One problem for Claremonters is that the little Southern California Water Company over in San Dimas, which was invited to take over our water service back in 1922, has morphed into a national corporation, American States Water. This private company, listed on the New York stock exchange, has stockholders who love their profits that continue to rise even in hard times—at the cost this year of $8 million to Claremont rate-payers. That money in a few years could buy the water company.
We had 800 Claremonters last year protesting the high rates before an administrative law judge sent here by the PUC. Even that display of public outrage will have little or no effect on the PUC ruling. We know from past experience that the recommendations from the Division of Ratepayer Associates, supposed to advocate for the public, is also lightly dismissed by the PUC.
We need local control. We need to buy our water company now. If only Golden State were willing to sell, we could negotiate a price. If they continue to refuse, the only alternative is to go to eminent domain proceedings, and pay whatever a court decides. But even that uncertainty is better than leaving our fate in the hands of a rapacious, profit-oriented private company and at the dictation of the PUC.
Charging our volunteers
The city council’s decision to exempt “veterans with special license plates” who reside outside Claremont from paying fees for parking at the Wilderness Park appears to be based upon the council members’ gratitude to such veterans for their service/contribution to our community. The principle underlying the decision is not unreasonable.
Yet, if service/contribution to our community is to be the basis for an exemption from such parking fees, are there not other groups whose membership includes non-residents, whose service/contribution to our community is at least as great, who should be given the same exemption? Most of us would say “Yes, of course there are.”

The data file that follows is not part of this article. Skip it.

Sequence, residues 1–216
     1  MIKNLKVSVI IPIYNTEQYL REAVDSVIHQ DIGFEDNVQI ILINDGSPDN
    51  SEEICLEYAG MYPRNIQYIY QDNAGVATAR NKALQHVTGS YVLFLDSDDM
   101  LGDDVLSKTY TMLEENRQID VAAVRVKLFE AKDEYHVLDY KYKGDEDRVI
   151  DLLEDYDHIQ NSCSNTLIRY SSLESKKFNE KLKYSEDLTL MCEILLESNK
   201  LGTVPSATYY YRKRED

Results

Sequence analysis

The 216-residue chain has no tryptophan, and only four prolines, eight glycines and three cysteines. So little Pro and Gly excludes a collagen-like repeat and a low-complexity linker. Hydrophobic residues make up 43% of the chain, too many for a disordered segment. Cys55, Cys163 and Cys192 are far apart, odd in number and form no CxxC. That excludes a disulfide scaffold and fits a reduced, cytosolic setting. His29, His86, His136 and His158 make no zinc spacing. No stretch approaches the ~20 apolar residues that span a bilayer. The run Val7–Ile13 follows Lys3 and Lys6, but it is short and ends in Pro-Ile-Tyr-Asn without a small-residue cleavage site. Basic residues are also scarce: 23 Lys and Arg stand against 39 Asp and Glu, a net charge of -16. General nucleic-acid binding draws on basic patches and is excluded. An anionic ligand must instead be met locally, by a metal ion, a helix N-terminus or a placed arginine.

For example, there are many non-residents involved in the myriad of volunteer groups in our community, which range from those tutoring our kids to those cleaning up our roads. There are non-resident police officers who enhance our security. There are non-resident teachers in our schools and colleges who help prepare our kids and young adults for success in the future.
There are many non-resident city employees who do everything from keeping our parks green to solving countless problems residents face. And, there are many non-resident veterans who have not purchased special license plates identifying them as veterans who have contributed no less than those who have purchased the plates.
If we honor one group for its service and contribution to our community with an exemption from parking fees, it is only fair that we honor all of them.
Hopefully, council members will apply the principle it used to exempt a few of the many veterans who are residents of other communities from paying the Wilderness Park parking fees to those non-resident individuals in other groups whose efforts significantly enhance the quality of life in Claremont.
Dean McHenry, Jr.